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Phantascope CD Cover
Image © Rhythmbank Entertainment 2004

Interview and Photos

(07 May 2005) Tommy Greñas and Len Del Rio, aka the Anubian Lights, are back just in time to get under the skin of modern music one more time before it implodes. The bands early eighties brit-wave neo-psychedlic bliss is aided, abetted, and taken to new levels as the legendary Adele Bertei joins the fold. After a decade of writing, recording, and performing Phantascope (Rhythmbank Entertainment (USA) RBE-00001, 2004) finds Anubian Lights at the top of their game.

Adele Bertei is a rock and roll legend. She began her career as the frontwoman for rocker favorites Peter & the Wolves and has also fronted her own all female band The Bloods. She has contributed backing vocals on albums by everyone from Culture Club and Tears for Fears to Matthew Sweet. She has read her poetry as an opener for the likes of William Burroughs and Allen Ginsburg. What could possibly be left to do?!

Adele's unique voice has been absent from music for the last decade but a group of quirky cult favorites have lured her back to us. Adele is finally back in the fold and it was imperative that we find out what it took to bring her home. Read more in our exclusive interview.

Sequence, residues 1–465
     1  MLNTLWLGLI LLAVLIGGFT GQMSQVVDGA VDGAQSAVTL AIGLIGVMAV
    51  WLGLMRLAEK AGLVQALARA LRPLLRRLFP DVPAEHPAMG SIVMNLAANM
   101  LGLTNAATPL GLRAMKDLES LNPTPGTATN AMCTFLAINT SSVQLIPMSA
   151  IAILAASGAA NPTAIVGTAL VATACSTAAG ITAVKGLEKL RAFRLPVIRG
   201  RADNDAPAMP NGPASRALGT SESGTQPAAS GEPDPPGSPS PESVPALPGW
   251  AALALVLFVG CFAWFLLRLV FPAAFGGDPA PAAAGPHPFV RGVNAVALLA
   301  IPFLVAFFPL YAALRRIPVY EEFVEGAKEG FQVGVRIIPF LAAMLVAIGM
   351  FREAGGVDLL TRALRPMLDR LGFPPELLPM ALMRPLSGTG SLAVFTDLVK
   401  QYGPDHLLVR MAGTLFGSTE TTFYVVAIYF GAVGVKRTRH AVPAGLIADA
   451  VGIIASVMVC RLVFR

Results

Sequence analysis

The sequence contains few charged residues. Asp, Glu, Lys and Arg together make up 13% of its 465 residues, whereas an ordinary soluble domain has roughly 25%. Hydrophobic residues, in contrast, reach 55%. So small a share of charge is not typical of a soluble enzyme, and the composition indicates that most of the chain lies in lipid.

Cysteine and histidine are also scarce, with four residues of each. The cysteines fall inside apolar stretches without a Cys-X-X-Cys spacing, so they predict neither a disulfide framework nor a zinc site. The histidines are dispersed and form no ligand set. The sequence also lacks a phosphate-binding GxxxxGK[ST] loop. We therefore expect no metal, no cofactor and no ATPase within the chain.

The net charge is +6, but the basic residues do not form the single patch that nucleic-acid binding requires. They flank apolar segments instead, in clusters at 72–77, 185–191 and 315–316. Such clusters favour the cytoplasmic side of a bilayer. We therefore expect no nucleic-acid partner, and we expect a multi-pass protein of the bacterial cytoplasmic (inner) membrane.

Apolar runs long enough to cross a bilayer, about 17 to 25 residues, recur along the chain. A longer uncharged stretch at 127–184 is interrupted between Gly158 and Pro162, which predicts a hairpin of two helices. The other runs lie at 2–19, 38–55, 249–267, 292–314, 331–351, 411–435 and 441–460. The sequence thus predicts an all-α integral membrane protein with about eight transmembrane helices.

The dissonant--almost annoying--guitars and funky bass line of the opening track, "Wild Winter," catch you right away as Adele screeches, "’m Vexxxxed! Like a bug in a clock/ Pushing the Arms/Hitting the seconds/ Marking the hours/ And I’m counting the red…" The song pushes you to the brink of hating this album right away and then sucks you back in ever so gently with the soft caress of the keyboards and understated male lead vocal of "Bahjan." While "Wild Winter" may catch you off guard and throw your balance a bit, the Lights more than make up for any rough introductions.

Phantascope is quite an interesting ride through the collective mind of this trio. The quirky early punk sounds of bands like Blondie, Devo, and maybe even a hint of a band like Berlin--especially vocally--are more than evident on songs like "Wild Winter," "Shine," "Andromeda Skin" and "Thru the Wire." The band manages to make this sound fresh and new but they also leave little question about where their roots lie. The heavy worldbeat style dance rhythm of "New Wildlife" is definitely the odd man out on this CD of quirky pop but it ushers in some interesting sounds that give you a break from the quirkier nature of many of the songs. Anubian Lights truly shine on the songs "Lady Berlin" and "Way Gone Man" though. Their laid back approach and dreamy sound are unquestionably a nice change of pace from today's music scene.

Although this is a great CD, the band's roots may be exposed a little too much for some listeners' preferences but Adele Bertei's voice adds a whole new dimension to Anubian Lights sound. If this is a hint of what's to come then you'll be hearing a lot about the Anubian Lights again in the coming years.--Mark Fisher

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